Really the best-performing hedge fund each year — as measured by percentage returns — always should be one that runs at 50x leverage:
Said Haidar’s conviction that inflation was about to explode across the globe can be summarized by a single number: $63 billion. That’s how much his Haidar Capital Management reported in assets to start 2022.
The catch? The hedge fund actually oversaw just $1.2 billion.
That copious leverage led to a tumultuous year — one month the fund was up 54%, another it was down 20% — but ultimately paid off, producing a 193% return for investors. Haidar bet big that interest rates would climb at a rapid clip, correctly positioning to profit from the surge in inflation that led to the most aggressive central bank tightening campaign in a generation. …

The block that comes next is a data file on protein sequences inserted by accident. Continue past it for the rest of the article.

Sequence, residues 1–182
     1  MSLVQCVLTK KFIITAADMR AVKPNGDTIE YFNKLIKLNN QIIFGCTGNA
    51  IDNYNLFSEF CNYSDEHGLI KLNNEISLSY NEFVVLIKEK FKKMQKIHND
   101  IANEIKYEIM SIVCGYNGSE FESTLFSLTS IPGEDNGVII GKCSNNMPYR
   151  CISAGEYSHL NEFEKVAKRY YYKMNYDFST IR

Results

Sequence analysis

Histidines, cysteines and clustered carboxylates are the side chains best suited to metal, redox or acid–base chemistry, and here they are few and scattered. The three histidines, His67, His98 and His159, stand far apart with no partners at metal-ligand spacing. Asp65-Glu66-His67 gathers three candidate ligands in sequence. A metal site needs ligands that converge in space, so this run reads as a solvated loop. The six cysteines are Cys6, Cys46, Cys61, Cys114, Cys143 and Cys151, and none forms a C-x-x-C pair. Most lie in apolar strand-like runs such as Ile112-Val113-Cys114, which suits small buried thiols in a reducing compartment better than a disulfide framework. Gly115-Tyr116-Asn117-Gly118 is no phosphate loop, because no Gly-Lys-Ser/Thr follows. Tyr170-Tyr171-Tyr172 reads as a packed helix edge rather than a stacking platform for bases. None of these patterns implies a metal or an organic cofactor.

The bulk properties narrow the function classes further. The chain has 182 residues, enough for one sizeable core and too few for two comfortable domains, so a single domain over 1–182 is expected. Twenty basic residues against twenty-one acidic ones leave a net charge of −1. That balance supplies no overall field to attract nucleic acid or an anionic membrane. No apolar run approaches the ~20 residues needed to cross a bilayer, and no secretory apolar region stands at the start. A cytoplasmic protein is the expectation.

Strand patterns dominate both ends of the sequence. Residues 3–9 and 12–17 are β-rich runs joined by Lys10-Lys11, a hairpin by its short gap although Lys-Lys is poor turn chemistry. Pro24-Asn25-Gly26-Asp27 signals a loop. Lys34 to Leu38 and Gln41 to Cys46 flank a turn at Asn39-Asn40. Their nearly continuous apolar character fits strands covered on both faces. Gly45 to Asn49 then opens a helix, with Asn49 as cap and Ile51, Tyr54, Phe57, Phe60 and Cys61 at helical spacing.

Haidar personally raked in $859 million in 2022, placing him sixth on Bloomberg’s annual ranking of top-earning hedge fund managers. He’s the newest and least-known name on a list otherwise dominated by industry heavyweights. Citadel’s Ken Griffin, Point72’s Steve Cohen and Millennium’s Izzy Englander, worth about $55 billion combined, nabbed the first three spots.
Obviously the worst-performing hedge fund each year should be a different one that runs at 50x leverage. Anyway Bloomberg’s list of top-earning hedge fund managers is mostly a list of huge multistrategy funds, suggesting that the hedge fund business is pretty institutionalized these days. But you still sometimes get a guy with his name on the door, a gut instinct and a ton of leverage breaking into the top ranks.